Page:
Embodiments of the present invention provide methods and systems for securely distributing software in a subscription-based environment, specific examples of which are computer game systems such as Massive Multiplayer Role Playing Games (MMRPGs). Example embodiments of the present invention provide a Game Security Facility for enabling the secure distribution of game client software (such as game client software 140 in
In such environments, and in other subscription-based environments, it is desirable to use some type of secure communication scheme to prevent unauthorized use of the data, such as game session data 150 in
The Game Security Facility (“GSF”) of the present invention provides several levels of security to data and software exchanged between the game client system and the game server (or ad server) and between the game server and the ad server when the game server acts as a proxy for a particular game client system. One skilled in the art will recognize that one or more of these levels can be implemented in a particular embodiment and provide varying degrees of security. In summary, the GSF supports the ability to uniquely encrypt downloaded data for each individual customer and, optionally, to uniquely encrypt downloaded data for a single physical machine, in a manner that allows customers to change their public/private key pairs without forcing a complete reload of all data. Unique encryption per individual customer hinders the unauthorized exchange of data between customers; whereas unique encryption for a single physical machine hinders the ability for a customer to easily copy it to other machines without authorization. In addition, the GSF provides techniques that aid in the detection of fraudulent subscription-downloads by real-time or off-line analysis of data-download patterns. One skilled in the art will also recognize that, although the description herein is oriented primarily towards subscription game software, the techniques of the methods and systems of the present invention can be applied to other subscription-based software or data downloaded in a distributed environment.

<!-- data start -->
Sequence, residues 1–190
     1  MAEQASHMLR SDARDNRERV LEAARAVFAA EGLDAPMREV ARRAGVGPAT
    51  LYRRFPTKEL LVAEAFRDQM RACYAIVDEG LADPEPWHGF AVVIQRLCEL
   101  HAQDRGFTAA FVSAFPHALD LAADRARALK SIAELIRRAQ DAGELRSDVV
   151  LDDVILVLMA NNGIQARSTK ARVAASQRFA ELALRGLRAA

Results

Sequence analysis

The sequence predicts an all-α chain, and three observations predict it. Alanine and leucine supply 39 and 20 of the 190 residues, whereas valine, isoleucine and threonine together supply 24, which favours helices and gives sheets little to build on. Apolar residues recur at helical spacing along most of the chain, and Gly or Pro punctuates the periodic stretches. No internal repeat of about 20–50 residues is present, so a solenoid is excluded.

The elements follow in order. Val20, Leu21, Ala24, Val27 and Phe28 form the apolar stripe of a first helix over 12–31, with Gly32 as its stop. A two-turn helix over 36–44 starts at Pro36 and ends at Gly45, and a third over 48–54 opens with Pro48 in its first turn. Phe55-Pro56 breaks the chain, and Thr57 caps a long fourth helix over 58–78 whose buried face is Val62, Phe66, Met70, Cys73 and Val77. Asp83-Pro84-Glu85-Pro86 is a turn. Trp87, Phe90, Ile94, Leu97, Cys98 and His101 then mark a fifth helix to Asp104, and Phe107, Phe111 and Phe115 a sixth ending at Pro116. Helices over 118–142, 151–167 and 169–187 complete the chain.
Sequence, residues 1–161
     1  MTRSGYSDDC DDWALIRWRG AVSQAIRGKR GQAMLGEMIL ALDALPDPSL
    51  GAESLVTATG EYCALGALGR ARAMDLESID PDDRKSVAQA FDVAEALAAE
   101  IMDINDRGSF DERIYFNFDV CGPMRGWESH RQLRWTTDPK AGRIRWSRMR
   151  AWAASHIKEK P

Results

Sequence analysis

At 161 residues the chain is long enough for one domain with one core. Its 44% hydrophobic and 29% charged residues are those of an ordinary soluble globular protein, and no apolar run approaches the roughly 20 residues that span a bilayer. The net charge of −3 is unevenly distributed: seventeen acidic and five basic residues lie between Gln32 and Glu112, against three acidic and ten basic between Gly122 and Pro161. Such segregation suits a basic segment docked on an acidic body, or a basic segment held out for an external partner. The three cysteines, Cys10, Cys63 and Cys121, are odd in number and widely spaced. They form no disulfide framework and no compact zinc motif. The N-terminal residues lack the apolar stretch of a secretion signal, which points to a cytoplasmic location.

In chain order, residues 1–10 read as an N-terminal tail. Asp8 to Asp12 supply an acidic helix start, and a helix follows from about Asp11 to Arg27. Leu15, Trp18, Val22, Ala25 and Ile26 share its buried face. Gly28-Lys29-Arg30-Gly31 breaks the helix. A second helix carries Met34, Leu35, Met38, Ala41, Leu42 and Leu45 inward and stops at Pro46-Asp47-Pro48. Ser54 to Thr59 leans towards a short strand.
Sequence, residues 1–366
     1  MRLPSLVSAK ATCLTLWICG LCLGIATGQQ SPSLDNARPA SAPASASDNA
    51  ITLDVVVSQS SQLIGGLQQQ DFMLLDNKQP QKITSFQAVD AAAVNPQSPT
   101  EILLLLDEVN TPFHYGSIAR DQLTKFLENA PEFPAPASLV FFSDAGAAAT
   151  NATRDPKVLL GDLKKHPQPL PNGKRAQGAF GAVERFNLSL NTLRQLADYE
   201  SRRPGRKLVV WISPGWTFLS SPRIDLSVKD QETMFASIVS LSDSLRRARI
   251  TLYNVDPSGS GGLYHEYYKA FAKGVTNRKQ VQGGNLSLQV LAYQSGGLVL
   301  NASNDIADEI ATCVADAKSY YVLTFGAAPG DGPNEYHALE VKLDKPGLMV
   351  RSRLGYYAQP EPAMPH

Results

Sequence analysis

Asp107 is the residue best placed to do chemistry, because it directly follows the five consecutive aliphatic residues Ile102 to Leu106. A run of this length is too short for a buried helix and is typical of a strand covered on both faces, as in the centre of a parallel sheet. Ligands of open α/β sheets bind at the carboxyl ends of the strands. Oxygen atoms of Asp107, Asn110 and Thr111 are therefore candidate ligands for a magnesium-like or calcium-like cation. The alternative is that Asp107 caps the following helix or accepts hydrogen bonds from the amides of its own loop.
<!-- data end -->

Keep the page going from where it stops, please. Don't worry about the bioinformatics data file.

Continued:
The GSF cooperates with a game server (e.g., game server 220) and the game client software (e.g., game client software 200) to provide different types of security at potentially different times during a client-server session. The GSF uses enhancements to existing security mechanisms, such as PGP and RSA-type public/private key pair cryptography, to provide additional security more appropriate to a subscription-based software environment. A detailed description of PGP and extensive background information on cryptography techniques are found in, Garfinkel, Simson, PGP: Pretty Good Privacy, O'Reilly and Associates, 1995 and Menezes et. al., Handbook of Applied Cryptography, CRC Press LLC, 1997, respectively, which are incorporated herein by reference in their entirety. A basic understanding of general cryptography and PGP terms is assumed in the following description. In a typical embodiment, the GSF provides a client side component 208 that provides enhancements to a selected publicly available secure communications protocol. Although one embodiment of the methods and systems of the present invention uses and provides enhancements to an RSA-type public/private key pair system (such as PGP), one skilled in the art will recognize that appropriate modifications can be made to a variety of well-known cryptographic techniques to achieve the techniques presented herein without undue experimentation.
In one embodiment, the client side GSF 208, upon registration creates a pass-phrase 203, which is used by the secure communications protocol (e.g., PGP, in the case of an asymmetric key protocol) to produce a key pair 204. The key pair 204 contains a private key 205, which preferably is encrypted and stored in secure data repository 202, and a public key 206, which is sent for future secure client-specific communication. The customer's public key 206 is stored in some memory available to the GSF 230, for example secure data repository 222, although such “public” keys do not need to be stored in a secure fashion.